What Are the Top Eight Questions to Ask a Medicaid Asset Protection Attorney?

questions about Medicaid Asset ProtectionMay is National Elder Law Month! Elder Law Attorneys across the country, including those at the Farr Law Firm, are taking the opportunity to educate seniors about their legal options in the communities we serve. Now is the perfect time to talk about one of our practice areas: Medicaid Asset Protection, also known as Medicaid planning and Life Care planning.

As a Certified Elder Law Attorney, I routinely help loved ones of those in need of long-term care to preserve assets while qualifying for Medicaid. Whether rich, poor, or somewhere in between, most of us cannot afford to ignore the potentially devastating costs of nursing home care and other types of long-term care. But what is Medicaid Asset Protection; how does Medicaid differ from Medicare; and is Medicaid Asset Protection legal and ethical? Find out the answers to these and some of the other most common questions we get as elder care lawyers:

1. What Does “Medicaid Asset Protection” Mean?

Medicaid is the primary method of paying for nursing home care in the United States. This means more people have their nursing home stay paid for by Medicaid, rather than paying privately or using long-term care insurance. Given the absence of any other public program covering long-term care, Medicaid has become the default nursing home insurance of the middle class. Medicaid Asset Protection is vital for those who cannot afford the catastrophic costs of paying privately ($14,000 – $17,000 a month in the DC Metro area — Northern Virginia, DC, and areas of suburban Maryland). Fees are slightly less outside of these major urban areas, and we know because we help clients qualify for Medicaid throughout Virginia, Maryland, and the District of Columbia.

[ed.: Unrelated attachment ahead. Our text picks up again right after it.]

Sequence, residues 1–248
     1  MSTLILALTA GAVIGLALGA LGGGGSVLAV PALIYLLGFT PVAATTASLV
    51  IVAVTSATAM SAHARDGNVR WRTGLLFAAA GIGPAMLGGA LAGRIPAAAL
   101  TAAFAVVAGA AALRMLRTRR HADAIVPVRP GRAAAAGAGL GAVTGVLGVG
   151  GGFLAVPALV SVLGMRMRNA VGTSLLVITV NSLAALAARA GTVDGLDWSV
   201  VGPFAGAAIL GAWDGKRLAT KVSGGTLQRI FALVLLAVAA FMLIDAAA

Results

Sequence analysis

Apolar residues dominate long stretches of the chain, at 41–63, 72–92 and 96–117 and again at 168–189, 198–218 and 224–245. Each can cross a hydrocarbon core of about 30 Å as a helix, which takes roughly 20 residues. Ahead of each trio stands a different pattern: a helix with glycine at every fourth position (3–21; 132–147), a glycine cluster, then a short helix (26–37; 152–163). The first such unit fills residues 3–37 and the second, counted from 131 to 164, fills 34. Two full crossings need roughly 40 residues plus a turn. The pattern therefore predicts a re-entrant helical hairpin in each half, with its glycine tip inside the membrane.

Life Care Planning and Medicaid Asset Protection is the process of protecting assets from having to be spent down in connection with nursing home care or in-home care, while also helping ensure that you or your loved one gets the best possible care and maintain the highest possible quality of life, whether at home, in an assisted living facility, or in a nursing home.

The main reasons for doing Medicaid Asset Protection include:

  • Protecting The Spouse: With proper planning, a spouse who is able to stay at home can keep all of the couple’s assets and much or all income while Medicaid pays for the nursing home. The most important goal is typically to ensure that the spouse remaining at home is able to live the remaining years of his or her life with utmost dignity and not have to suffer a drastic reduction in his or her standard of living.